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Once Roman Universalism (i.e. Catholicism) was established, very little meaningful dialogue occurred between Christian and non-Christian philosophers or religionists other than during missionary attempts. As the Church became all powerful it successfully silenced all opposing voices, at least for a time. One thing that makes our current time unique to the American religious experience is the degree of non-Christian participation (CE 3).
It can be argued that the reemergence of Islam as the largest world religion (when Catholicism and Protestantism are viewed as separate religions as the Vatican does), the growing popularity of Eastern concepts (if not the religions themselves), and the clearly fading influence and embrace of Christianity, is now setting the agenda of a new and very different religious awakening.
During the Third Great Awakening, as will be discussed below, Eastern traditions like Hinduism, Buddhism, and Taoism, entered the dialogue as religious novelties. It was not until the 1960's and 70's however that they began exercising any real influence in the American experience. Concepts such as karma, transmigration (reincarnation), ahimsa (non-violence), yoga (both its original spiritual meaning of yoking to the gods as well as its popular physical excercies form), meditation, ying and yang, and the like are all basic Eastern ideas that are broadly incorporated into Western culture and religion (note 2) .
These influences are having profound impacts on Western material and spiritual conceptions of reality and perspectives about the nature of God. A significant number of American Jews today are even being referred to Bu-Jews (i.e. Buddhist oriented Jews). Many non-Orthodox synagogues even offer yoga classes today!
The secular sciences are also moving toward the embrace of more eastern approaches as we see from Chaos and String theory (which are quite similar to Samhkya and certain Buddhist concepts).
Most Christians and Jews have never really studied the Bible to determine its teachings. Fewer still have explored Talmud, the Chassidic writings and so on. Most know very little about the rich religious traditions they have inherited from the past that established the Western nations. This is fundamentally altering the American religious experience.
The times are changing. The designations of East and West are far more fluid now than they have ever been (MiD 199). Throughout recorded history explorers and other travelers circumambulated the globe in search of the exotic. They occasionally discovered regions with little or no outside contact with the West, however these isolated communities were already hard to find by the 1800's (S 13,14). The world is a much smaller place than it was in in 1776!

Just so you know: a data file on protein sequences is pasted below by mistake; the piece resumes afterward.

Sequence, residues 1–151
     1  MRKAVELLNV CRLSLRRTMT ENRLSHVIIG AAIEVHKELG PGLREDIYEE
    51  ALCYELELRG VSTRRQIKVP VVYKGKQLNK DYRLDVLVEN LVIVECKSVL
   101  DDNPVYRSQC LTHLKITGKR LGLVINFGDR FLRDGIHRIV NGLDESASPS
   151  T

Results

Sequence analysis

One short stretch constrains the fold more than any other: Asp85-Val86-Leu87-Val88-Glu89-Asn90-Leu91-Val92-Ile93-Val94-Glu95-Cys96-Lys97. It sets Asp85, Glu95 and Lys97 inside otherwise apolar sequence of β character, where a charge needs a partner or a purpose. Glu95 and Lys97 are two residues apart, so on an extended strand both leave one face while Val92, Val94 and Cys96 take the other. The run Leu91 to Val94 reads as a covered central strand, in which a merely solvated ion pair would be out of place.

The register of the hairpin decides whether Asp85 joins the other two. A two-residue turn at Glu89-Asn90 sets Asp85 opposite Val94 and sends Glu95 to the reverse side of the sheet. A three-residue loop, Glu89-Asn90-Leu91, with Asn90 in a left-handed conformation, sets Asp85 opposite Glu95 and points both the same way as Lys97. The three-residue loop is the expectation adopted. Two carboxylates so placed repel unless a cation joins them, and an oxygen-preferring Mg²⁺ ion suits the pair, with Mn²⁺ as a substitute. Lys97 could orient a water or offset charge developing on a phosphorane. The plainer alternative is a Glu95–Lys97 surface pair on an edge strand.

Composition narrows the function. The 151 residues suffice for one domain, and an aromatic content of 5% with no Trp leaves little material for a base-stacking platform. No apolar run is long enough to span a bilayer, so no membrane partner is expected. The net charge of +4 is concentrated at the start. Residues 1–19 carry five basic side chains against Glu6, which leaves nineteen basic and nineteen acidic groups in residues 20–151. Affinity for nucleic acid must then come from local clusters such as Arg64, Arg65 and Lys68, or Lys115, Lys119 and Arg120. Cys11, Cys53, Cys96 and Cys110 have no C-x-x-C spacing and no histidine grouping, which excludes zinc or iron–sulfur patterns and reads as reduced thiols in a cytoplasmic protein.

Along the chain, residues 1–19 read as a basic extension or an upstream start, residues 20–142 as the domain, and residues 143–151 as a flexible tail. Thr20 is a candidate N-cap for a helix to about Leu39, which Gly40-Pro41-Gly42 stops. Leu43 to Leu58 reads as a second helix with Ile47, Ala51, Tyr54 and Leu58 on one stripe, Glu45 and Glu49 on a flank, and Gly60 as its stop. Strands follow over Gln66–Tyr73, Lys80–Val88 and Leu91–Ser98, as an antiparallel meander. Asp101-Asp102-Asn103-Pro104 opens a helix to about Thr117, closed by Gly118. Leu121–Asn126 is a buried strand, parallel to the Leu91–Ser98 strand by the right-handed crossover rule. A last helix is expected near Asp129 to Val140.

Sikhism (AKA the Sant Mat) is a good example of a once 'alien' religion that is now making a place for itself in the West. The bearded, turban wear Sikhs with their long swords were once considered exotic. Today we seldom notice them. They have become part of the American tapestry.
Judaism is no longer the second largest religion in the U.S. About half of the world's Jews died in the Shoah (i.e. the European Holocaust). Many of the survivors came to the United States after the war. Today about half of the world's Jews have returned to Israel, including many from the United States. About 5.3 million Jews (which is about 2.2% of the U.S. population) now live in the United States. The US is second only to Israel in the number of Jewish citizens (many hold dual Israeli-US citizenships).
Islam is now is the second largest religion in the U.S. 2.11% of the U.S. population self identify as Muslim. This number is growing quickly. The figure above for Jews includes both the religious and non-religious while these figures refer to all Muslims, most of whom are religious (most U.S. Jews are not religious). Religious Muslims therefore outnumber religious Jews by an uncertain but considerable margin.
For most modern Secular Americans Judaism and Islam are simply two of the many "alternative religions." While many feel that none of the religions have any objective validity or worth, Judaism and Christianity are more and more commonly being viewed as negative social elements and as barriers to peace. Once again, the nations are turning against the Jews and anti-Semitism is rising at an alarming rate in the United States as in the rest of the world. Chairman Mao's statement that "religion is the opiate of the people" is becoming a widespread perspective among many Americans, especially the young adults.
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